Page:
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Summary Article: Langevin, Paul (1872-1946) from The Hutchinson Dictionary of Scientific Biography

Place: France

Subject: biography, physics

French physicist who invented the method of generating ultrasonic waves that is the basis of modern echolocation techniques. He was also the first to explain paramagnetism and diamagnetism, by which substances are either attracted to or repulsed by a magnetic field. Langevin was the leading mathematical physicist of his time in France, and contributed greatly to the dissemination and development of relativity and modern physics in general in his country.

Langevin was born in Paris on 23 January 1872. He attended the Ecole Lavoisier and the Ecole de Physique et de Chimie Industrielles, where he was supervised by Pierre Curie during his laboratory classes. In 1891 he entered the Sorbonne, but his studies were interrupted for a year in 1893 by his military service. In 1894 Langevin entered the Ecole Normale Supérieure, where he studied under Jean Perrin. Langevin won an academic competition which in 1897 enabled him to go to the Cavendish Laboratories at the University of Cambridge for a year. There he studied under J J Thomson, and met scientists such as Ernest Rutherford, Charles Wilson, and John Townsend.

Langevin received his PhD in 1902 for work done partly at Cambridge and partly under Curie on gaseous ionization. He spent a great deal of time in Perrin's laboratory, and was caught up in the excitement accompanying the early years of study on radioactivity and ionizing radiation. Langevin joined the faculty of the Collège de France in 1902, and was made professor of physics there in 1904, a post he held until 1909 when he was offered a similar position at the Sorbonne.

During World War I Langevin contributed to war research, improving a technique for the accurate detection and location of submarines, which continued to be developed for other purposes after the war. He became a member of the Solvay International Physics Institute in 1921, and was elected president of that organization in 1928. In 1940, after the start of World War II and the German occupation of France, Langevin became director of the Ecole Municipale de Physique et de Chimie Industrielles, where he had been teaching since 1902, but he was soon arrested by the Nazis for his outspoken anti-fascist views. He was first imprisoned in Fresnes, and later placed under house arrest in Troyes. The execution of his son-in-law and the deportation of his daughter to Auschwitz (which she survived) forced Langevin to escape to Switzerland in 1944. He returned to Paris later that year and was restored to the directorship of his old school, but died soon after in Paris on 19 December 1946.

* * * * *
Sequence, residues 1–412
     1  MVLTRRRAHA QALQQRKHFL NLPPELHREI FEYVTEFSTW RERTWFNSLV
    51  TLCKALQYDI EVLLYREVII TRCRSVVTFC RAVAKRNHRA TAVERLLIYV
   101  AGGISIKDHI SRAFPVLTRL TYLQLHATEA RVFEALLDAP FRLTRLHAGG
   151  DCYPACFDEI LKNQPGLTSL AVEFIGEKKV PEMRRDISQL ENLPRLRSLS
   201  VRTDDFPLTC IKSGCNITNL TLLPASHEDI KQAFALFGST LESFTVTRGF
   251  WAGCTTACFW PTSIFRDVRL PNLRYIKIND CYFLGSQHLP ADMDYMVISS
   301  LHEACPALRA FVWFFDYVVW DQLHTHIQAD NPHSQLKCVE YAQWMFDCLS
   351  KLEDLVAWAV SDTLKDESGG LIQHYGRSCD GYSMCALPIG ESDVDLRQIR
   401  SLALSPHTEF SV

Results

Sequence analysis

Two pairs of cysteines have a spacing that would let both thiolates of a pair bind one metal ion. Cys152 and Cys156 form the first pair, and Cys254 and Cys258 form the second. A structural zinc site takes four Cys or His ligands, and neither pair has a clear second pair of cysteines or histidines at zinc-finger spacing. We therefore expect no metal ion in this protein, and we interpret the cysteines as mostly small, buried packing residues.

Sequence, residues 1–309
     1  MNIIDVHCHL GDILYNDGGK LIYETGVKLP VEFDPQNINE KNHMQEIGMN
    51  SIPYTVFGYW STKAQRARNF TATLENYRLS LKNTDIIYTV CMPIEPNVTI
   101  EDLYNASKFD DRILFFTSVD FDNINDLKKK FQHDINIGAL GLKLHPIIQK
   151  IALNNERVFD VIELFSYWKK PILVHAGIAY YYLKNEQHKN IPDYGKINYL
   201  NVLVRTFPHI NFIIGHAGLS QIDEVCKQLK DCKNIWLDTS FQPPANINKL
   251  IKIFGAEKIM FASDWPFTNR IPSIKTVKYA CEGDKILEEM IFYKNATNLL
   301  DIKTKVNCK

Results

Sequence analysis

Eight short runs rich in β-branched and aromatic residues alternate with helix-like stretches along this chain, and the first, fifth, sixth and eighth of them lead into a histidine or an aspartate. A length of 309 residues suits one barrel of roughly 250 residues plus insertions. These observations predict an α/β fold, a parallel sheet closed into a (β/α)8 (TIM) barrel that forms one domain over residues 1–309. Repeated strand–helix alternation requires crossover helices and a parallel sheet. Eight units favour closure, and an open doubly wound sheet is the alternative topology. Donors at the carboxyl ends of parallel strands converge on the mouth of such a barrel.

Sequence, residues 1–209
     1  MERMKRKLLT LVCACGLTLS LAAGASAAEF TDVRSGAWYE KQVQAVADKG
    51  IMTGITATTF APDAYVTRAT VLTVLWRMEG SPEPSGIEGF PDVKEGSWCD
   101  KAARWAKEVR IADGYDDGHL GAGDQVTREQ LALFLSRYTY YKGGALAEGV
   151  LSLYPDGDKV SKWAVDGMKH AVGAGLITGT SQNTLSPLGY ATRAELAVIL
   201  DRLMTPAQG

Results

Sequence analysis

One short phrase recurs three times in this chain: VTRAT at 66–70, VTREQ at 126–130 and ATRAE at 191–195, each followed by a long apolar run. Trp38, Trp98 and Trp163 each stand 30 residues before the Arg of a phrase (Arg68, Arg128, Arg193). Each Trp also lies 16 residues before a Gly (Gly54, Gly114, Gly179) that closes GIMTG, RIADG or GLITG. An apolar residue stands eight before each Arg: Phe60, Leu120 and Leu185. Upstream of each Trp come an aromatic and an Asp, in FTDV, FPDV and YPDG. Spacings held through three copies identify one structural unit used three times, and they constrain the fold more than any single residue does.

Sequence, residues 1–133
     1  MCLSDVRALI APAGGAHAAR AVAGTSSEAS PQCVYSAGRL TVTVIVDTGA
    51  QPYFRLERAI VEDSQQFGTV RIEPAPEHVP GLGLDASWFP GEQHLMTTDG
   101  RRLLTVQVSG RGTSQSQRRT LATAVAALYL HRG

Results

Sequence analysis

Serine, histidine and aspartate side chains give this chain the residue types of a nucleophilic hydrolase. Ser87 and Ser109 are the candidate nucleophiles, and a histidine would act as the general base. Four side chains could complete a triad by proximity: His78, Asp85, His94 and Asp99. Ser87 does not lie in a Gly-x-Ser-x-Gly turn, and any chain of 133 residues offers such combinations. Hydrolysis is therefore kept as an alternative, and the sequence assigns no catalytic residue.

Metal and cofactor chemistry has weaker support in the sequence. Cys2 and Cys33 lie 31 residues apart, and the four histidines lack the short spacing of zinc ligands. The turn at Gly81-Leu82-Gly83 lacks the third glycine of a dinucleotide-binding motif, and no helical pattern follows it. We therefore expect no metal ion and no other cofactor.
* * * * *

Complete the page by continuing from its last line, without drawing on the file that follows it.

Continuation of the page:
Langevin's early work at the Cavendish Laboratories and at the Sorbonne concerned the analysis of secondary emission of X-rays from metals exposed to radiation, and Langevin discovered the emission of secondary electrons from irradiated metals independently of Georges Sagnac (1869-1928). He also studied the behaviour of ionized gases, being interested in the mobility of positive and negative ions, and in 1903 he published a theory for their recombination at different pressures. He then turned to paramagnetic (weak attractive) and diamagnetic (weak repulsive) phenomena in gases. Curie had demonstrated experimentally in 1895 that the susceptibility of a paramagnetic substance to an external magnetic field varies inversely with temperature. Langevin produced a model based on statistical mechanics to explain this in 1905. He suggested that the alignment of molecular moments in a paramagnetic substance would be random in the absence of an externally applied magnetic field, but would be non-random in its presence. The greater the temperature, however, the greater the thermal motion of the molecules and thus the greater the disturbance to their alignment by the magnetic field.

Langevin further postulated that the magnetic properties of a substance are determined by the valence electrons, a suggestion which influenced Niels Bohr in the construction of his classic model describing the structure of the atom. He was able to extend his description of magnetism in terms of electron theory to account for diamagnetism. He showed how a magnetic field would affect the motion of electrons in the molecules to produce a moment that is opposed to the field. This enabled predictions to be made concerning the temperature-independence of this phenomenon and furthermore to allow estimates to be made of the size of electron orbits.

Langevin became increasingly involved with the study of Albert Einstein's work on Brownian motion and on space and time. He was a firm supporter of the theory of the equivalence of energy and mass. Einstein later wrote that Langevin had all the tools for the development of the special theory of relativity at his disposal before Einstein proposed it himself and that if he had not proposed the theory, Langevin would have done so.

During World War I, Langevin took up the suggestion that had been made by several scientists that the reflection of ultrasonic waves from objects could be used to locate them. He used high-frequency radio circuitry to oscillate piezoelectric crystals and thus obtain ultrasonic waves at high intensity, and within a few years had a practical system for the echo location of submarines. This method has become the basis of modern sonar and is used for scientific as well as military purposes.

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